The (understandable) confusion begot chaos, as major block producer EOS New York announced it could not execute any ECAF statement with any confidence. EOS New York also added that normal processing would only resume when “communications can be established on-chain”. Co-founder and head of strategy reportedly commented that ECAF needed to “figure their own shit out”, specifically referring to “rampant misunderstanding about what arbitration is” on the EOS network. He also suggested that ECAF needs to develop improved processes and increase their transparency.
While troubling for the fifth largest cryptocurrency, the crisis appears to have spurred change. Telegram channels and forums abound with constructive conversation and debate about the future of the arbitration process. Sam Saopznick, who sent the second ECAF freeze order, previously stated that the arbitrator “is working… to address the outstanding issues”.
Block producers have been busy in the meantime. In South America, for example, EOS Argentina deployed network-based applications for document verification on the blockchain. Despite positive steps, the community may continue to thrash due to the widespread confusion over stakeholder and arbitration roles, compounded by the haphazard manner in which ECAF operates.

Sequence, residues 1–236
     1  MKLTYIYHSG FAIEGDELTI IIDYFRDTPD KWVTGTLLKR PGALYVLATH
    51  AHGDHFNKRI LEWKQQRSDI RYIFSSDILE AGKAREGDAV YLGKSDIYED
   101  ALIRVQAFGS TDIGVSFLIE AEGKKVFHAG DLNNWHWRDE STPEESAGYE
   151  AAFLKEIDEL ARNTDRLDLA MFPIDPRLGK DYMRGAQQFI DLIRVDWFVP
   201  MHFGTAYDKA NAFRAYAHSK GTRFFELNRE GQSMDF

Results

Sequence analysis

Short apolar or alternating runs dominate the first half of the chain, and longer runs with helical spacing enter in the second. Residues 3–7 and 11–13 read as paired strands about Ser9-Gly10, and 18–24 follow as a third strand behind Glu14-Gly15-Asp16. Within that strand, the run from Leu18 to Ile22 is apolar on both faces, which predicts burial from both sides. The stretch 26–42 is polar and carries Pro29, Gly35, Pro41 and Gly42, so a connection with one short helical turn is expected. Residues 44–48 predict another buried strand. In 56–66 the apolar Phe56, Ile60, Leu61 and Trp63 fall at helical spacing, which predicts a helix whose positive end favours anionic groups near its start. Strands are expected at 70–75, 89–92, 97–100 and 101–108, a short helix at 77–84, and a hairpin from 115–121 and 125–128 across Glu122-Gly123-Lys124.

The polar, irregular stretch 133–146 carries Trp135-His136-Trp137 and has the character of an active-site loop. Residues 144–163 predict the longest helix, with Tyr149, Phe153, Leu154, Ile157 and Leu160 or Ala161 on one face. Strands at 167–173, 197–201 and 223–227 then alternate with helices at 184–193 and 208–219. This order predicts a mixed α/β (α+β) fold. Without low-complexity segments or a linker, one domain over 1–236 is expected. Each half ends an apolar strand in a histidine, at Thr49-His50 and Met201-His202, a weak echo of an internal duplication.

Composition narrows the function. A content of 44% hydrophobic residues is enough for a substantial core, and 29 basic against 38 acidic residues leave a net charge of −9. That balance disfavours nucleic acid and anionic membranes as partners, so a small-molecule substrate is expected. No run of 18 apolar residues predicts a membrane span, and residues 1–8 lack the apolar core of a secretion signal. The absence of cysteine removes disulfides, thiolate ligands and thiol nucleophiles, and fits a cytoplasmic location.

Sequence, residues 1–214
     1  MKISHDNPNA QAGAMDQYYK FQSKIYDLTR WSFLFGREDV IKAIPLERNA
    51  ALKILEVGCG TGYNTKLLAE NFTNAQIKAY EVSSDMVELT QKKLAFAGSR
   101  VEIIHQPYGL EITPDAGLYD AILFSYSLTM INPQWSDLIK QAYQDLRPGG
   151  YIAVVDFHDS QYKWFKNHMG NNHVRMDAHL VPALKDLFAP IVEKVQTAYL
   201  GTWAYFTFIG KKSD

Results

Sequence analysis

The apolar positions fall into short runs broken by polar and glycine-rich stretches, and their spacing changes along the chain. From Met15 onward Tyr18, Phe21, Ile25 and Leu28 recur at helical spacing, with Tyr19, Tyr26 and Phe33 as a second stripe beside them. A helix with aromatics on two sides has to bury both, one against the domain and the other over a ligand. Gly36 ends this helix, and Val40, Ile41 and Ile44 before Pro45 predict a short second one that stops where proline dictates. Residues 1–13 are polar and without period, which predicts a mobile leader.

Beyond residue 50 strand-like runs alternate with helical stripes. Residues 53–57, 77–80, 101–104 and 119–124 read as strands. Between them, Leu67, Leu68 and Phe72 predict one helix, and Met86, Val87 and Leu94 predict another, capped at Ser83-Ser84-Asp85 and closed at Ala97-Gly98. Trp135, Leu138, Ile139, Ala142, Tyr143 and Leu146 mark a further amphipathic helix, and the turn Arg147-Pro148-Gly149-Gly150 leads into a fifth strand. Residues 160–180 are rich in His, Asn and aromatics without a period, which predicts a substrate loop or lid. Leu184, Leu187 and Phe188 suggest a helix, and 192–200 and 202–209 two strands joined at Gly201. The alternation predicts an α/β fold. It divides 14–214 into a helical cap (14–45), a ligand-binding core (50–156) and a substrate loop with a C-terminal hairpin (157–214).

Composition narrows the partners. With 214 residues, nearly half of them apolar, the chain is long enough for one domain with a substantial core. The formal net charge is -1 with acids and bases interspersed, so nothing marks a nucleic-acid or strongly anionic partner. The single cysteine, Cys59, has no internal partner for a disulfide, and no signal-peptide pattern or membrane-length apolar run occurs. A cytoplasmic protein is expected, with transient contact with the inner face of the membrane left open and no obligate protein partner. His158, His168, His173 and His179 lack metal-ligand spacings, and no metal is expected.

They have a website, but “you’d think it was some shady shell company,” according to Rose. That is exactly the sort of sloppiness that leads to misinformation (and indeed fraud) which still plagues the crypto-sphere.
A Fresh Start
The publicity appears to have spurred the shock announcement. Rose has started work on a new constitution, which only requires arbitration for the correction of smart contract intentions. Larimer explained “an arbitrator can render an opinion, and the parties can either comply or not and the arbitrator can indicate whether a party is in good standing … that is it.” He went on to say that an arbitrator should never have the unbridled power to control anything other than their own assets, and that such power is simply moving the potential for fraud up the ladder to the network governance level.
Many critics say that the EOS team should have foreseen this issue. Jameson Lopp, a Bitcoin dev, was less than shocked at the recent developments:
The EOS community has, for the most part, met Larimer’s statement with relief and support. They shouldn’t rest easy yet; there is still a large hurdle to clear. The current constitution requires a minimum of 15% of token holders to make an amendment. Supporters must also outnumber those against the amendment by 10% for a period of 30 consecutive days within a 120-day period. Essentially, don’t expect to see any constitutional changes earlier than 3-4 months.
A nightmare for any organisation, this disarray is doubly embarrassing for one of the only cryptocurrencies with a governance system. Instead of showing the way forward, EOS has taken a big step backward. For network users, the new constitution cannot come quickly enough; they too are acutely aware the whole world is watching.